Code:
    int joe = 5, normal;
    It's identical to
    Code:
    name joe("Joe");
    name normal;
    dwk

    Seek and ye shall find. quaere et invenies.

    "Simplicity does not precede complexity, but follows it." -- Alan Perlis
    "Testing can only prove the presence of bugs, not their absence." -- Edsger Dijkstra
    "The only real mistake is the one from which we learn nothing." -- John Powell


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  6. #6
    Its hard... But im here swgh's Avatar
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    One other thing. Inline is a "request" command to the compiler. If it sees the function will not benefit from doing so, it has the right to ignore the request and will not inline the function, dispite you the programmer having asked it too.
    I'm just trying to be a better person - My Name Is Earl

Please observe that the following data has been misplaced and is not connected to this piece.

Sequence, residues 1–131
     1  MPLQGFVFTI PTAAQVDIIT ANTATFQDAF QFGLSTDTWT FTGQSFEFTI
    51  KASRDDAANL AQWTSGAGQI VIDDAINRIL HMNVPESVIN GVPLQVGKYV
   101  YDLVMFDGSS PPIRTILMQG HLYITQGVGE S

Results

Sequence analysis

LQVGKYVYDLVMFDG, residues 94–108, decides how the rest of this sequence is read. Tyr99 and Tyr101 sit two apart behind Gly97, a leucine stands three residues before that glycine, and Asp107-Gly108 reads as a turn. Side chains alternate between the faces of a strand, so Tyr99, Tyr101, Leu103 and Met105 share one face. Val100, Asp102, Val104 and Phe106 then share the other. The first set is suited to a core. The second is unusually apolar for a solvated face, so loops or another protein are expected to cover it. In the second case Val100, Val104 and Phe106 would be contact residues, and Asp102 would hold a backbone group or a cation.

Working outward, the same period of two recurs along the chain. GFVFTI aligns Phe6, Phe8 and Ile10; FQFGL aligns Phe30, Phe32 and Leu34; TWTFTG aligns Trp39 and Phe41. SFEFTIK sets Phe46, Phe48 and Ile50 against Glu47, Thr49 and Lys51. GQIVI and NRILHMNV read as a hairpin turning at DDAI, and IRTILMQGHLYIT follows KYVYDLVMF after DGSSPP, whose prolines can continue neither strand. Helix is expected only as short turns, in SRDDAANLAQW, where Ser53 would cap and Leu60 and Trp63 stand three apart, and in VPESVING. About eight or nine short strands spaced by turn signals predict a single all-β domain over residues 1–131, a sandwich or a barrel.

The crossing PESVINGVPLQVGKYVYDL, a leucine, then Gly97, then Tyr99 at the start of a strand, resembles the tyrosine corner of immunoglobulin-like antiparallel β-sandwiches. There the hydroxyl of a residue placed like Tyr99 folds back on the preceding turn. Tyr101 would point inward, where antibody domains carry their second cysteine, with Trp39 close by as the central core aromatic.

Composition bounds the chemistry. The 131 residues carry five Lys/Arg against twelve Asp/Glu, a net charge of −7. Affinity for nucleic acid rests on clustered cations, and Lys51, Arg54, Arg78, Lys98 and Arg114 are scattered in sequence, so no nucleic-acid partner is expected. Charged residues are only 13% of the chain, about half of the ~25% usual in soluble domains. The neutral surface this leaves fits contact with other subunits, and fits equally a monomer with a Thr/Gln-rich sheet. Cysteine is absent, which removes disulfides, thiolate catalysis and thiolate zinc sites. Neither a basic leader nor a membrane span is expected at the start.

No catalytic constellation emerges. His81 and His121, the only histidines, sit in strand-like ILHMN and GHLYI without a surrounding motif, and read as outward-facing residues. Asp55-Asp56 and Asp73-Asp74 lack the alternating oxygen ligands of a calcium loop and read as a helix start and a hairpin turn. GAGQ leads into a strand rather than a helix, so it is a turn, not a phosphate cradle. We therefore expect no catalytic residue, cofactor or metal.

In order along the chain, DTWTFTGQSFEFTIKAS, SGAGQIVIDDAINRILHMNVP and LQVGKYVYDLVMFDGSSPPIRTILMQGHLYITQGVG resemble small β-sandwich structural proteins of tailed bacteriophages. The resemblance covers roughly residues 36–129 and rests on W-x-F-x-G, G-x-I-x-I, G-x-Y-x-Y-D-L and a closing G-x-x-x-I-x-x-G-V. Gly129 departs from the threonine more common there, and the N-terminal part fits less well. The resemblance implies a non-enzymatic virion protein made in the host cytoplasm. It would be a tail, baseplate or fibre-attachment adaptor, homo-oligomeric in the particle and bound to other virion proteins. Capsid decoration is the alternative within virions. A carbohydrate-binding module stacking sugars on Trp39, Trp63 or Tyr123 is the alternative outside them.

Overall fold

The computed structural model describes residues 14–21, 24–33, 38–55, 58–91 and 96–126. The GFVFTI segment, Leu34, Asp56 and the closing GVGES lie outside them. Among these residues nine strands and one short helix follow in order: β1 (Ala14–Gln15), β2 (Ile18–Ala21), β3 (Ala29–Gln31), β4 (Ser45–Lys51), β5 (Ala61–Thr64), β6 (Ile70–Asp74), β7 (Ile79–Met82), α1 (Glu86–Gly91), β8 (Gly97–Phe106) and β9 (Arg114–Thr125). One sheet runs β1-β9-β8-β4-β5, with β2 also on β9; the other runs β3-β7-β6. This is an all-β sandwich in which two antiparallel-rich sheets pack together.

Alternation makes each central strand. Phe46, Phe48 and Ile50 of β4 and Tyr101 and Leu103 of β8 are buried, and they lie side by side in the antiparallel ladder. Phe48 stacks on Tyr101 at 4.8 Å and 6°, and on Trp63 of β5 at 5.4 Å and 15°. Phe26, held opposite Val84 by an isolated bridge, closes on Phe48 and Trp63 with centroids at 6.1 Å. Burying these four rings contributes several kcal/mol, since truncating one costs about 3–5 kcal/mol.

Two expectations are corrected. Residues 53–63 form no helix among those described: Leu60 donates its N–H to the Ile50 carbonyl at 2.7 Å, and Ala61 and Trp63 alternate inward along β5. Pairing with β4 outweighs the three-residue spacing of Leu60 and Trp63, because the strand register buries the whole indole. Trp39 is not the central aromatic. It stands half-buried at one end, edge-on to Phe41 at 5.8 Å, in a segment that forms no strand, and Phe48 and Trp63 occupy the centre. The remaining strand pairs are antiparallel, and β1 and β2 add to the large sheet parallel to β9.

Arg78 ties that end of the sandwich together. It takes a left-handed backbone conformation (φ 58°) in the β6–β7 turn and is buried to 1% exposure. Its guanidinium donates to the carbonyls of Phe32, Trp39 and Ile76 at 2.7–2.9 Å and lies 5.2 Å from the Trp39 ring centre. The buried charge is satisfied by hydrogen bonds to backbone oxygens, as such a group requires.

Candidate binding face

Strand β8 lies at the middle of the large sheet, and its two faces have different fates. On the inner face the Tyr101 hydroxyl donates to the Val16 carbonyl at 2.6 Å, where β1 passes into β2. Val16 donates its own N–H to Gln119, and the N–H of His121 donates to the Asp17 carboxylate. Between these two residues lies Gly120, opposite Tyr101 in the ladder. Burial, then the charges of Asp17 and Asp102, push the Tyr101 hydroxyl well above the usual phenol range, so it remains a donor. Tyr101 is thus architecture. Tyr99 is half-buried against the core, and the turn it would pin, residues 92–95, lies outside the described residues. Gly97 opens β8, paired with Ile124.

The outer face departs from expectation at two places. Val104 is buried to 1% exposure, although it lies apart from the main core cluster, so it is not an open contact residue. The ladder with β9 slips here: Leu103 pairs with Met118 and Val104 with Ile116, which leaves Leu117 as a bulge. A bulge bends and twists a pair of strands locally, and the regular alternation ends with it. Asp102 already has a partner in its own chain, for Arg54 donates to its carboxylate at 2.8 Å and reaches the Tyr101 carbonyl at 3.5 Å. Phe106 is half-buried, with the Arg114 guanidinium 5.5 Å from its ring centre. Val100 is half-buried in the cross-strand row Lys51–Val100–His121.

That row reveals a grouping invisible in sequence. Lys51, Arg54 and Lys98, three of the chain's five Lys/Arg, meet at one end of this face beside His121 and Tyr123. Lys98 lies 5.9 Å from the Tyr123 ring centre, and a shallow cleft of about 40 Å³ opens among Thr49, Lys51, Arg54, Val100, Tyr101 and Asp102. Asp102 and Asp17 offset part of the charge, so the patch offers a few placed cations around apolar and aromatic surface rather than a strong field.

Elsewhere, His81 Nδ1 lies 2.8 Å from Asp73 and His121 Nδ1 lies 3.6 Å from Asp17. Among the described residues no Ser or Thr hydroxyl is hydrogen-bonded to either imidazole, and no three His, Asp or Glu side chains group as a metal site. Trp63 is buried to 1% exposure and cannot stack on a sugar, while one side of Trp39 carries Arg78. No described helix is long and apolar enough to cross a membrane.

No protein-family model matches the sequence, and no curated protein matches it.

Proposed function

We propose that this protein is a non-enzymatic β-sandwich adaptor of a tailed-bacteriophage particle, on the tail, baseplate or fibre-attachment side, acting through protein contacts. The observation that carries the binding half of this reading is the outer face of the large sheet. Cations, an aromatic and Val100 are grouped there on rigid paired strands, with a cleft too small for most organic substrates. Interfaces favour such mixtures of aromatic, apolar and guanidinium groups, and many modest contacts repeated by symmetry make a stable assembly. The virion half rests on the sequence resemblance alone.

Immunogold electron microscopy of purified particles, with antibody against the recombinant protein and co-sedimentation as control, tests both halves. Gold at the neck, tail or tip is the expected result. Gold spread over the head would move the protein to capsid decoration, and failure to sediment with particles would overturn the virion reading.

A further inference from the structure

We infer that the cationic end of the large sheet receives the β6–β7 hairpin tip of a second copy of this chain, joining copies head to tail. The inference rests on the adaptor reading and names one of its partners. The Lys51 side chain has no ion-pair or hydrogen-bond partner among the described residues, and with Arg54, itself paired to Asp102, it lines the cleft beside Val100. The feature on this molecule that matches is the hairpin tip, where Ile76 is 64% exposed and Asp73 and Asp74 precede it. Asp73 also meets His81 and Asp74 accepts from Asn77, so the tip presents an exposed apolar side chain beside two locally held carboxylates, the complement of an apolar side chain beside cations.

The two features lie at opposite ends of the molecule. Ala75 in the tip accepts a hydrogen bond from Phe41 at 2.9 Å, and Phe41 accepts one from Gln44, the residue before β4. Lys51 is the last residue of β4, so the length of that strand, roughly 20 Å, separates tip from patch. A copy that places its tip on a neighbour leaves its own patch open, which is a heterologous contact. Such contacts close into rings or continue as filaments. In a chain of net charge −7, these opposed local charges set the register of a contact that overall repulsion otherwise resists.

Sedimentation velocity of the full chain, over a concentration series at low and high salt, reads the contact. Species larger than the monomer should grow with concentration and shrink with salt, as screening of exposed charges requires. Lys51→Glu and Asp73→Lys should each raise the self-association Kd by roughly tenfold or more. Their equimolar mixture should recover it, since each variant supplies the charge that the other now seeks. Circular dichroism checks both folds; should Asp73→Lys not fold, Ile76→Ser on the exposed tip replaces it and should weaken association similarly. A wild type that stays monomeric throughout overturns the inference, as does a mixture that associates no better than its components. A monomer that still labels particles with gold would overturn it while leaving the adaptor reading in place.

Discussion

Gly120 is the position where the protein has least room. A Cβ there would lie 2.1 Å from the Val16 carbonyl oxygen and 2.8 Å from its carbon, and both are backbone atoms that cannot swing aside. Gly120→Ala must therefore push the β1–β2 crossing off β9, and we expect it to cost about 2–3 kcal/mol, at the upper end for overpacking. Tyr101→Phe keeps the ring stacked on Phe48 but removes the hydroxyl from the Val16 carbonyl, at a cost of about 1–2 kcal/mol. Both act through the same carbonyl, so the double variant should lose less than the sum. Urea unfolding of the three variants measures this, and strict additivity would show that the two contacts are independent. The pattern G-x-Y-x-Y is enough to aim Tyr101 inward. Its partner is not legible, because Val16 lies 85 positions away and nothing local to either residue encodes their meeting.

7. #7
    Frequently Quite Prolix dwks's Avatar
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    The compiler has the right to ignore the request no matter what, even if inlining the function would be beneficial.

    Inline functions are a sort of replacement for macros, which is what one would use in C. You can still use macros in C++, but they're type-generic and hard to debug, etc.

    You can find lots of information about inline functions around.

    http://en.wikipedia.org/wiki/Inline_function
    http://www.intap.net/~drw/cpp/cpp07_05.htm
    http://www.cprogramming.com/tutorial/lesson13.html
    http://www.cprogramming.com/tutorial...timespace.html
    dwk

    Seek and ye shall find. quaere et invenies.

    "Simplicity does not precede complexity, but follows it." -- Alan Perlis
    "Testing can only prove the presence of bugs, not their absence." -- Edsger Dijkstra
    "The only real mistake is the one from which we learn nothing." -- John Powell


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    From reading what I found on the inline functions it seems that with modern computers it is not as necessary as it once was? I'm thinking I'll hold off on using them until I get a bit more advanced in the language. I do however have another question which relates to the original question, and it doesn't seem to be in my books.